Trump Appeals Hawaii Judge's New Ruling Blocking Travel Ban - NBC4 Washington
President Donald Trump

President Donald Trump

The latest news on President Donald Trump's first year as president

Trump Appeals Hawaii Judge's New Ruling Blocking Travel Ban

The administration says the executive order falls within the president's power to protect national security and will ultimately succeed

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    NEWSLETTERS

    A revised travel ban penned by President Donald Trump was held by a Hawaii judge the same day it was supposed to go into effect on Wednesday as Trump laid out a new budget plan, setting money aside for a border wall along Mexico and the United States as well as increasing the military's budget. Critics are worried that social safety net programs could see their budget slashed. (Published Thursday, March 16, 2017)

    President Donald Trump's administration on Thursday appealed the latest court ruling against his revised travel ban to the same court that refused to reinstate the original version.

    A day earlier, U.S. District Judge Derrick Watson in Hawaii handed the government its latest defeat by issuing a longer-lasting hold on Trump's executive order.

    Watson's decision came after the Department of Justice argued for a narrower ruling covering only the ban on new visas for people from six Muslim-majority countries. The department urged the judge to allow a freeze on the U.S. refugee program to go forward.

    Government attorney Chad Readler said halting the flow of refugees had no effect on Hawaii and the state has not shown how it is harmed by the ban. Watson disagreed.

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    The administration says the executive order falls within the president's power to protect national security and will ultimately succeed, while Hawaii Attorney General Douglas Chin likened the revised ban to a neon sign flashing "Muslim ban" that the government hasn't turned off.

    Here's a look at Watson's ruling and what comes next:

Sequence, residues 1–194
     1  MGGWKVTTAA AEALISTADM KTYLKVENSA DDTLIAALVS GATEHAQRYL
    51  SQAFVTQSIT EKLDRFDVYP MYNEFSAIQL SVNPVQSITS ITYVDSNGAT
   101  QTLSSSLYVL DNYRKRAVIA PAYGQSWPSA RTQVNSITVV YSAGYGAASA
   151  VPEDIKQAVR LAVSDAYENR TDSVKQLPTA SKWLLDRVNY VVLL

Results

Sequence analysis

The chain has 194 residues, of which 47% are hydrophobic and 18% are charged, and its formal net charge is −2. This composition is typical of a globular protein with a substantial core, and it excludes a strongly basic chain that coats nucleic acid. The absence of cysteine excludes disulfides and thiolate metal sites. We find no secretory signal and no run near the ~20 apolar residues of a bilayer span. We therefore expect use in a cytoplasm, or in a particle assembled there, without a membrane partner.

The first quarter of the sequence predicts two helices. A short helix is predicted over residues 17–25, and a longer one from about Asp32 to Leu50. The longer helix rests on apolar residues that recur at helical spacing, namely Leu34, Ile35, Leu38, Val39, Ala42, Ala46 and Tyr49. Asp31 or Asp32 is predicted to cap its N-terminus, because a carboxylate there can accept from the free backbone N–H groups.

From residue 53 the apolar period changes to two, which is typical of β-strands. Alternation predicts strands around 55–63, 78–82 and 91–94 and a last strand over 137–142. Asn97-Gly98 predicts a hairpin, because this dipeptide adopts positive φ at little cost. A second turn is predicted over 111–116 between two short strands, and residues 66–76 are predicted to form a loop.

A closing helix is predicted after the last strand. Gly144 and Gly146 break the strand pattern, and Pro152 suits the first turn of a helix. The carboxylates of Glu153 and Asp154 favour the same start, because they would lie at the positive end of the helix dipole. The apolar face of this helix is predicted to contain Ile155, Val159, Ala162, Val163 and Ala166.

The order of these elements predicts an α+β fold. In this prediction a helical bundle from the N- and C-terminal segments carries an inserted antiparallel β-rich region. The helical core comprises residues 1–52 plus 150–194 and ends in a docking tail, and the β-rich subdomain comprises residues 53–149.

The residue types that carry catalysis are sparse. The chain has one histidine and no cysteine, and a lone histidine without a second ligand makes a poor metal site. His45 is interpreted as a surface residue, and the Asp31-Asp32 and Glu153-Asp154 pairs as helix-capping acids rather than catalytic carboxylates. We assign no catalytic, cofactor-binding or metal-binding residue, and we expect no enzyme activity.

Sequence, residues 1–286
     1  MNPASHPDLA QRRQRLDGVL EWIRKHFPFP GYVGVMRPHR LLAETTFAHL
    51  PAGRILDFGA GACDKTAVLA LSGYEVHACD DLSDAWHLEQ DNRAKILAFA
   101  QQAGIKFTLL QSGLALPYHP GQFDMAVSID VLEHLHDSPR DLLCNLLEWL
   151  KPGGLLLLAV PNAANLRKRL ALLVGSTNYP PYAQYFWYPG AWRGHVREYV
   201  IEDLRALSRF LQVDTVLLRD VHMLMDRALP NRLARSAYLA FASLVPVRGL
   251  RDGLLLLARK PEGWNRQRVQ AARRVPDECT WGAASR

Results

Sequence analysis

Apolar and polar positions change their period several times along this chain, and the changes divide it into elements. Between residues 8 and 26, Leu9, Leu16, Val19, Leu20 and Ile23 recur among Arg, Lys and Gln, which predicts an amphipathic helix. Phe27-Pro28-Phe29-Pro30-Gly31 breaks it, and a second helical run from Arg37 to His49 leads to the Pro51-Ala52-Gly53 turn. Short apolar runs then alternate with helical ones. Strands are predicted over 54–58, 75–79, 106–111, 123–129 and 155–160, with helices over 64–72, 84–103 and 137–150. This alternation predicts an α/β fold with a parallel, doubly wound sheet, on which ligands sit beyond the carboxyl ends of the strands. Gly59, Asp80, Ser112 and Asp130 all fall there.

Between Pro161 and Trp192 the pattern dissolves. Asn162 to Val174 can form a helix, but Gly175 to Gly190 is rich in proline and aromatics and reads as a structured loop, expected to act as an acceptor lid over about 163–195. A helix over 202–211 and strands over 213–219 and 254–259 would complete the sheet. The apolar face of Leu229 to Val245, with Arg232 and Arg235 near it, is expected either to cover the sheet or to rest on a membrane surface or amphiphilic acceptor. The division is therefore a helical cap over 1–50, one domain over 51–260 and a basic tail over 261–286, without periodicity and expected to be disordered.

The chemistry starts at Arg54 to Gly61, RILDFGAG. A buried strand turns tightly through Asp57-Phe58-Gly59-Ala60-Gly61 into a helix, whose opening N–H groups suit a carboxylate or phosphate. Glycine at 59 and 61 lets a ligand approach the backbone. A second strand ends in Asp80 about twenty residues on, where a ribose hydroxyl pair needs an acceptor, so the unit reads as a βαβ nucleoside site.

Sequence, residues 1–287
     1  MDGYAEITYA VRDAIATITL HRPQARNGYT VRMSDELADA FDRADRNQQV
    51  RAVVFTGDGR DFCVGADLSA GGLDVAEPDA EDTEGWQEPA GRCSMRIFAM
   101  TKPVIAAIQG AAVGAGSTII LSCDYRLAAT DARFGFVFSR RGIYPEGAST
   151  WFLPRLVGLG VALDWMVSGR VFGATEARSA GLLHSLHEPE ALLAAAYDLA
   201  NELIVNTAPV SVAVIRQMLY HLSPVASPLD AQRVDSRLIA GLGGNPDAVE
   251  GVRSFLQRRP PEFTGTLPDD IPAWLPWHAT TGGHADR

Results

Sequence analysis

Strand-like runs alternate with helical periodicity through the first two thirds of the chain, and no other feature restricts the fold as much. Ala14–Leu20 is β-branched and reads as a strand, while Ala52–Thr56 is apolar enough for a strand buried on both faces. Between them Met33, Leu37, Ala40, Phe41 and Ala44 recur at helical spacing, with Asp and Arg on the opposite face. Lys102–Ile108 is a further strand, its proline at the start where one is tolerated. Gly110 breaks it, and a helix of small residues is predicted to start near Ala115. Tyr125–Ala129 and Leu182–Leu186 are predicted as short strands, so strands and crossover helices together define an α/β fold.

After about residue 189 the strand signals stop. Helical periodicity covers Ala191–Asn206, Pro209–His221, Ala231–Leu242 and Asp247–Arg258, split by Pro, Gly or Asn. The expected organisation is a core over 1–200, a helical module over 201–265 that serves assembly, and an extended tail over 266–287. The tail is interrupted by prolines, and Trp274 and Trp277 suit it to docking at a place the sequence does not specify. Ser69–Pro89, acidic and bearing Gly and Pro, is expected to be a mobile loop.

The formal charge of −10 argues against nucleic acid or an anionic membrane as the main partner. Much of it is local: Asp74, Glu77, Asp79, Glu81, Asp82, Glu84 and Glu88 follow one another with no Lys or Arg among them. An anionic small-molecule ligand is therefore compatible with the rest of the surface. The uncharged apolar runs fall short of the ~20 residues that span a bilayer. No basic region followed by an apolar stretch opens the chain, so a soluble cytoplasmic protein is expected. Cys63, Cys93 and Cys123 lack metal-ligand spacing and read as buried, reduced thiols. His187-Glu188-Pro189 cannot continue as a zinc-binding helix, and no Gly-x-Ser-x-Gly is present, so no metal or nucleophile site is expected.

THE RULING
    Watson said Hawaii has shown that the ban will harm the state's universities and tourism industry as well as the imam of a Honolulu mosque, who joined the lawsuit. Ismail Elshikh said the ban would prevent his Syrian mother-in-law from visiting family in the U.S.

    "These injuries have already occurred and will continue to occur if the executive order is implemented and enforced; the injuries are neither contingent nor speculative," the judge wrote.

    Chin told The Associated Press on Thursday that a notable part of the ruling was that the court took into account 20 to 25 statements made by Trump as a candidate and as president and by his surrogates.

    "The court will not crawl into a corner, pull the shutters closed, and pretend it has not seen what it has," Watson wrote.

    The Department of Justice said it strongly disagrees with the ruling.

    WHAT'S NEXT FOR HAWAII'S LAWSUIT?
    Government attorneys filed documents appealing Watson's decision to the 9th U.S. Circuit Court of Appeals, a move Chin said he expected.

    The judge said his ruling will stay in place until he orders otherwise and won't be suspended for an appeal.

    The administration said in court documents that the appeal also applies to Watson's previous temporary block of the travel ban.

    "The president's executive order falls squarely within his lawful authority in seeking to protect our nation's security, and the department will continue to defend this executive order in the courts," the Justice Department said in a statement.

    HOW THE WHITE HOUSE REACTED
    The White House believes Trump's executive order is legal, necessary for national security and will ultimately be allowed to move forward, spokesman Sean Spicer said Thursday.

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    Watson's indefinite hold is "just the latest step that will allow the administration to appeal," Spicer said.

    CAN A DIFFERENT CASE AFFECT THE HAWAII RULING?
    The president already is appealing a separate case in Maryland. A judge there blocked the six-nation travel ban but said it wasn't clear that the suspension of the refugee program was similarly motivated by religious bias.

    The administration wants the 4th U.S. Circuit Court of Appeals to put that ruling on hold while it considers the case. The Richmond, Virginia-based court will hear arguments May 8.

    If the court sides with Trump, it would not have a direct effect on the Hawaii ruling, legal experts said.

    "What a ruling in 4th Circuit in favor of the administration would do is create a split in authority between federal courts in different parts of the country," said Richard Primus, a professor of constitutional law at the University of Michigan law school. "Cases with splits in authority are cases the U.S. Supreme Court exists to resolve."